Vocational Career Guide for Effective Altruists

Hello, I’m Kyle, and I’ve writ­ten this guide to help any­one find an EA ca­reer. In par­tic­u­lar, it is aimed at peo­ple who do not have or in­tend to pur­sue a 4-year col­lege de­gree. Some peo­ple aim to pur­sue trade school, or work right af­ter high school /​ GED. If that sounds like you, keep read­ing.

The first step that any­one should take when mak­ing ca­reer de­ci­sions is to go through 80,000 Hours’ broadly ap­pli­ca­ble ca­reer guide. This gives a good gen­eral frame­work to as­sist your de­ci­sions. You can also make use of the EA com­mu­nity – ask on one of the fo­rums for ad­vice on your par­tic­u­lar op­tions.

Now in the fol­low­ing sec­tions I will go over some spe­cific vo­ca­tional ca­reer op­tions. I have also in­cluded an Ex­cel file that you can use to make fi­nan­cial com­par­i­sons among jobs. If you like it (or if you don’t) drop a com­ment and tell me what you think. This is only the first edi­tion of the guide, it is very rough, and there is a lot that I would like to add (or get added by oth­ers—feel free to con­tribute).

Earn­ing to give

Earn­ing to give means you fo­cus on get­ting the high­est wages and benefits you can, so that you can make greater dona­tions to effec­tive char­i­ties.

For earn­ing to give, there aren’t many unique con­sid­er­a­tions from an EA point of view. Just pick the job with the high­est wages and benefits that you can, while pay­ing at­ten­tion to em­ploy­ment prospects, your per­sonal skills, and your mo­ti­va­tion to suc­ceed in that field. Also con­sider your abil­ity to work in a place with a low cost of liv­ing and low in­come taxes be­cause those will let you make more room for con­tri­bu­tions. See this page for a list of high pay­ing trade ca­reers.

The differ­ences in salary be­tween one trade job and an­other will gen­er­ally out­weigh the differ­ences in their di­rect im­pact. For in­stance, a marine me­chanic works more for wealthier peo­ple’s lux­u­ries while an au­to­mo­tive me­chanic works more for av­er­age peo­ple’s trans­porta­tion, so you might think that the au­to­mo­tive choice is a bet­ter one for an EA. How­ever, the ex­tra $1,600 per year of the marine me­chanic (on av­er­age) means that an ex­tra life can be saved af­ter sev­eral years of dona­tions to AMF, which is sub­stan­tially more im­por­tant.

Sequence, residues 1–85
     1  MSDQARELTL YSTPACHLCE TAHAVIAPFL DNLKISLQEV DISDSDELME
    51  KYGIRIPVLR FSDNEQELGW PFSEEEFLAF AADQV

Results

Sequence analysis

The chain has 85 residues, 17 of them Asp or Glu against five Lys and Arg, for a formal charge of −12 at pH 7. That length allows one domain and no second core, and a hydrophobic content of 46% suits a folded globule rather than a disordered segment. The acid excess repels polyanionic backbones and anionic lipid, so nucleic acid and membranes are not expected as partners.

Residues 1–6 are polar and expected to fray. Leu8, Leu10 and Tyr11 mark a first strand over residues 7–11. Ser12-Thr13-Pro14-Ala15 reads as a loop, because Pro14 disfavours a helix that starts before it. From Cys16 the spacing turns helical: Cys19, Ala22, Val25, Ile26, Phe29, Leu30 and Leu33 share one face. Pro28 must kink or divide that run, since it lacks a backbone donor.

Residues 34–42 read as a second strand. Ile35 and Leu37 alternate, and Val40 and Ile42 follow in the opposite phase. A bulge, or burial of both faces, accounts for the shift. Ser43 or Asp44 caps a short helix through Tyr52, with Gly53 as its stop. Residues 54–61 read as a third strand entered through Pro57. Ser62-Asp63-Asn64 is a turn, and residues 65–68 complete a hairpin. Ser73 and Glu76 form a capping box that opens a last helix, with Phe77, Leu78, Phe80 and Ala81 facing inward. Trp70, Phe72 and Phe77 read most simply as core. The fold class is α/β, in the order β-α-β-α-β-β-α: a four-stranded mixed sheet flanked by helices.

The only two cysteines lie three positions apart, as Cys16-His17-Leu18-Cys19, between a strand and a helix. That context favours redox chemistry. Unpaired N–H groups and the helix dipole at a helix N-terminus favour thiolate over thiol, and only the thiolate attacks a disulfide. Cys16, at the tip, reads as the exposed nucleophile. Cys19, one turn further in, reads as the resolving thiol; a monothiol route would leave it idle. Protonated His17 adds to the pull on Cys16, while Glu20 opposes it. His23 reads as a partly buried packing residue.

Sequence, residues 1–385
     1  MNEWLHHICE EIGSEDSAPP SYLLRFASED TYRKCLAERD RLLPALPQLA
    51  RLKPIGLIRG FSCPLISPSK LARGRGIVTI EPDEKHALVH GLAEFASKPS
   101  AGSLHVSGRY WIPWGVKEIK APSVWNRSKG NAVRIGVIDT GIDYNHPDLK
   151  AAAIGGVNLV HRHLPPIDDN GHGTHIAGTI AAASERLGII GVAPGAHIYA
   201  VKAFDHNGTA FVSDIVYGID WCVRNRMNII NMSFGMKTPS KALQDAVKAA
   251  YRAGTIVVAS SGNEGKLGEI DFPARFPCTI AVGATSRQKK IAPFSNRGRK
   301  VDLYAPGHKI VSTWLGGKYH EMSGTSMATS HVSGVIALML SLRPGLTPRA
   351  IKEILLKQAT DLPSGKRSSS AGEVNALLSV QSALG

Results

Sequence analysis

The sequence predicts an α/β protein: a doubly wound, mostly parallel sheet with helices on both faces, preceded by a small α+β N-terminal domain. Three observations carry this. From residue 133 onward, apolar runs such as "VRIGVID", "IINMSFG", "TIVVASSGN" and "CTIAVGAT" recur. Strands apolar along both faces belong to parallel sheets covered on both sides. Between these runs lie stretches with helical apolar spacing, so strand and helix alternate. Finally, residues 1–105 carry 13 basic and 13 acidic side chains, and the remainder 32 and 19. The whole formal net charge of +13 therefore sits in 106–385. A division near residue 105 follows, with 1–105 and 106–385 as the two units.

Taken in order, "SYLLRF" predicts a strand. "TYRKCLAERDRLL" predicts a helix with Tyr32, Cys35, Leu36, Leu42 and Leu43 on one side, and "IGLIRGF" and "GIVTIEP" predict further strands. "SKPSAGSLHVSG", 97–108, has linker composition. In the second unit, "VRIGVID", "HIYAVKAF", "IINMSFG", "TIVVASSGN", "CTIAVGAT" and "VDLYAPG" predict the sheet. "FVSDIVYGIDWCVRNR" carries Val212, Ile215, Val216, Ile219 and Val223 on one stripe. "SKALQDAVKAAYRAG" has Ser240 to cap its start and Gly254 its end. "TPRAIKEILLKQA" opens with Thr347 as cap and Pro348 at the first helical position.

Arts and en­ter­tain­ment is a pos­si­ble ca­reer path for earn­ing to give that also offers some op­por­tu­ni­ties for so­cial com­men­tary and ac­tivism if you are tal­ented. LOSTBOYEVSKY is an EA rap­per (on Sound­cloud).

An un­usu­ally good way to earn to give is to take jobs at com­pa­nies with match­ing pro­grams for char­i­ta­ble con­tri­bu­tions. See this page for a list of com­pa­nies with good pro­grams. Note that these are sub­ject to change and make sure to read the fine print. While there are some un­cer­tain­ties with the fu­ture of these pro­grams, and difficul­ties with get­ting into a spe­cific com­pany, I think that pur­su­ing work with the right dona­tion-match­ing com­pany is a good op­por­tu­nity for peo­ple who aim to earn to give but don’t ex­pect to achieve a six-figure salary any­time soon.

Here is a spread­sheet that will al­low you to calcu­late dona­tion amounts for differ­ent jobs. You can save a copy of the sheet to your own com­puter and then en­ter the jobs that you are con­sid­er­ing. The cells with black num­bers are for­mu­las that should be left un­touched; the cells with blue num­bers are for user in­put. The spread­sheet calcu­lates fed­eral and state taxes and re­bates for the US (as­sum­ing you are filing singly) as well as dona­tion match­ing amounts to com­pute an over­all dona­tion amount. It does not in­clude city and county in­come taxes, which are pre­sent in some lo­ca­tions; you can roughly ad­just for them your­self by cut­ting the salary a bit. For any state with no in­come taxes (Wy­oming, Wash­ing­ton, Texas, South Dakota, Ne­vada, Florida, Alaska, Ten­nessee, New Hamp­shire) just set “TX” for the state. I’ve in­cluded some rough es­ti­mates for a few pos­si­ble jobs just to illus­trate the way it works and the types of re­sults you might get.

Global Poverty and Disease

The worst and most eas­ily treat­able poverty and dis­ease are in the de­vel­op­ing world, where char­i­ties like the Against Malaria Foun­da­tion op­er­ate. There­fore, the prob­lem is best fought in two ways: earn­ing to give, and work­ing for a group that pro­vides valuable ser­vices in these ar­eas.